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News Report Page 8 of 12
Publication Date:-
2019-01-19
News reports located on this page = 2.

Unprecedented investment in children's social care in Liverpool

AN additional 160 staff are to be recruited by Liverpool City Council to cut the caseload of children's social workers by up to ½. An extra ₤7.7 million is to be invested as part of a wide ranging restructure designed to improve support and enable staff to spend more time with young people and families, enabling them to develop meaningful relationships.

A report to the Council's Cabinet, on Friday, 25 January 2019, is recommending a restructure which will see an increase in the number of full time posts from 313 to 473.  They will include:- 115 social workers, 18 senior social workers and 22 deputy team managers; who will provide increased oversight and management of cases, for the City's 1,250 looked after children. It follows an Ofsted inspection of Liverpool's Children's Services, in 2018, which found that although the Council has made improvements in supporting vulnerable young people, caseloads are too high.  The changes will reduce the number of children each social worker is responsible for and allow them more time to work with children, young people and families.

Cabinet member for children's services, Cllr Barry Kushner, said:- "This is an unprecedented investment by this Council in children's services. No other Council in the country is doing this, outside of a poor Ofsted inspection, and this shows our commitment to children and families in our City. This is despite being hit by a double whammy of austerity cuts imposed by Central Government and a significant rise in the number of children coming in to care. Our staff have been really stretched as the number of children they are responsible for has risen significantly, and we have been unable to match it with increased resources. We know that if we are to continue to improve services for our most vulnerable young people, we simply must increase the amount of support we provide to staff and their families. This investment is crucial to delivering the quality of help and intensive support that our most vulnerable young people need, as well as retaining and recruiting the next generation of social work staff. Social work is a highly pressured job which can sometimes involve life changing decisions for families, so we must give them the space and time to be able to do it to the best of their ability."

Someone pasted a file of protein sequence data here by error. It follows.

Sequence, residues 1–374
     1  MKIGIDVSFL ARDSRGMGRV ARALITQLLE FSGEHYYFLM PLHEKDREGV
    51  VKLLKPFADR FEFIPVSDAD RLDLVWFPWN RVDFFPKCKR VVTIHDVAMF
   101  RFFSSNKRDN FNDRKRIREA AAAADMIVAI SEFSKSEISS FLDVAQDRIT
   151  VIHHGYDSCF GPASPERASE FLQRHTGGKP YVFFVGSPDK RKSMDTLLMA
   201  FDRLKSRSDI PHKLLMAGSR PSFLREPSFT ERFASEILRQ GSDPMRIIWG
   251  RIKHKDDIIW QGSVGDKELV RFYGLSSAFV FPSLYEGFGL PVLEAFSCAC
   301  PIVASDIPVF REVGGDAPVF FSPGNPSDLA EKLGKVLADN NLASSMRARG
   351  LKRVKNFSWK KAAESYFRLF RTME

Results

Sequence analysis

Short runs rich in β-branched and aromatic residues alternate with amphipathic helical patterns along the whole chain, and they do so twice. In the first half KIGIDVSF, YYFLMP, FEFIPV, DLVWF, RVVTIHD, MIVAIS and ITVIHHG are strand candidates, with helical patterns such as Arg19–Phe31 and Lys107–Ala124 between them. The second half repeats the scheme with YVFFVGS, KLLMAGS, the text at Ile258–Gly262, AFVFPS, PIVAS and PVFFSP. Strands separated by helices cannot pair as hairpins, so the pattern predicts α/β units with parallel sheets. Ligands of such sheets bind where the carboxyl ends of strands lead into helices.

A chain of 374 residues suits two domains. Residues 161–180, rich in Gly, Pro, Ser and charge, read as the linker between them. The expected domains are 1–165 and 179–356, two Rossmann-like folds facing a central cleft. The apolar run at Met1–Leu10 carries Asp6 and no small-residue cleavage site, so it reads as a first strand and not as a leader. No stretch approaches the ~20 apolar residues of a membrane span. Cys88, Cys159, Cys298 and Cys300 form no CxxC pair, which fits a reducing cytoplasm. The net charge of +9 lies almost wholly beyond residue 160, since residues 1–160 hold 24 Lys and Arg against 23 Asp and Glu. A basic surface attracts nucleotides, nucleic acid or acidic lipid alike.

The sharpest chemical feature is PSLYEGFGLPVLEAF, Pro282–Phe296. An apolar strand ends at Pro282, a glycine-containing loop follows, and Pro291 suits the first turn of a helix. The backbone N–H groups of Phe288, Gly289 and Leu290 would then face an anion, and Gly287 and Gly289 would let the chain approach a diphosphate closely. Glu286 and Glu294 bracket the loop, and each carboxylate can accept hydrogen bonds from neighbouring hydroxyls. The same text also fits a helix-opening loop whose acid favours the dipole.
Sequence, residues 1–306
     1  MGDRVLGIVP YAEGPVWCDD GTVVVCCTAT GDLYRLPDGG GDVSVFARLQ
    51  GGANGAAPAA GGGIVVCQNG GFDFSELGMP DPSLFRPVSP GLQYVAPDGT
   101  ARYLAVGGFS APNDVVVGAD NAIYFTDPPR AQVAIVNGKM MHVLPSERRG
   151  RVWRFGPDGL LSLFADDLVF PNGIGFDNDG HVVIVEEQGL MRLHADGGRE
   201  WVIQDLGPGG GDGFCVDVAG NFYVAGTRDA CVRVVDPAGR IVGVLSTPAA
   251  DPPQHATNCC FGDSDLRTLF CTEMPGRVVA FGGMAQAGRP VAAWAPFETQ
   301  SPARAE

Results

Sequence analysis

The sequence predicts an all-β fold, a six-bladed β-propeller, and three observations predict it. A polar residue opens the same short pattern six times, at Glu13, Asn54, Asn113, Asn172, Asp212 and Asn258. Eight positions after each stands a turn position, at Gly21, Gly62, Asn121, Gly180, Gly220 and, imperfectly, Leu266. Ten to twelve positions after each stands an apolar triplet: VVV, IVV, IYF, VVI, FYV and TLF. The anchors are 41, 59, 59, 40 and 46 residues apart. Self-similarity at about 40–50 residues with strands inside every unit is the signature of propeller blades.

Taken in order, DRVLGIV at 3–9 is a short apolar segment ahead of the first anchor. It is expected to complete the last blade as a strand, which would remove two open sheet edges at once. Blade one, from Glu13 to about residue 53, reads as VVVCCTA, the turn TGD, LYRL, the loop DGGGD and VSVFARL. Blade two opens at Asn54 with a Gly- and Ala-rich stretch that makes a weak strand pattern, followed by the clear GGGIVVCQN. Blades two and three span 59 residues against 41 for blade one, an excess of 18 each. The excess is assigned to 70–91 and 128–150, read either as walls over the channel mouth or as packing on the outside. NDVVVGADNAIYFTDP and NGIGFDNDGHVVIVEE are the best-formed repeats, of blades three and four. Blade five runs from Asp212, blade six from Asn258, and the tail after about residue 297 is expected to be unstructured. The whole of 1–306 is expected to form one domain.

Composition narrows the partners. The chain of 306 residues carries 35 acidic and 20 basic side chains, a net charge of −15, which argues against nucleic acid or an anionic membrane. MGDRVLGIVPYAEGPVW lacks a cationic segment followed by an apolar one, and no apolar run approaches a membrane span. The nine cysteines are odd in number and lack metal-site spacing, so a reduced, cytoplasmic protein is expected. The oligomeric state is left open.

Other changes will see new staff recruited for the Family Support Service, the introduction of a career structure for social workers, allowing experienced staff that do not wish to take up managerial posts to remain in front line practice and mentoring other team members to improve social work practice.

The changes will be implemented over 2 years on an 'invest to save' basis, with the aim of reducing the number of children taken into care by providing better support, and helping those already in care on in to permanent homes or a return to their families.

What do readers think about this? Are you affected by this? Please email us your opinions to:- News24@SouthportReporter.Com and let us know.


Has the NHS long term plan missed out the less survivable cancers such a pancreatic cancer?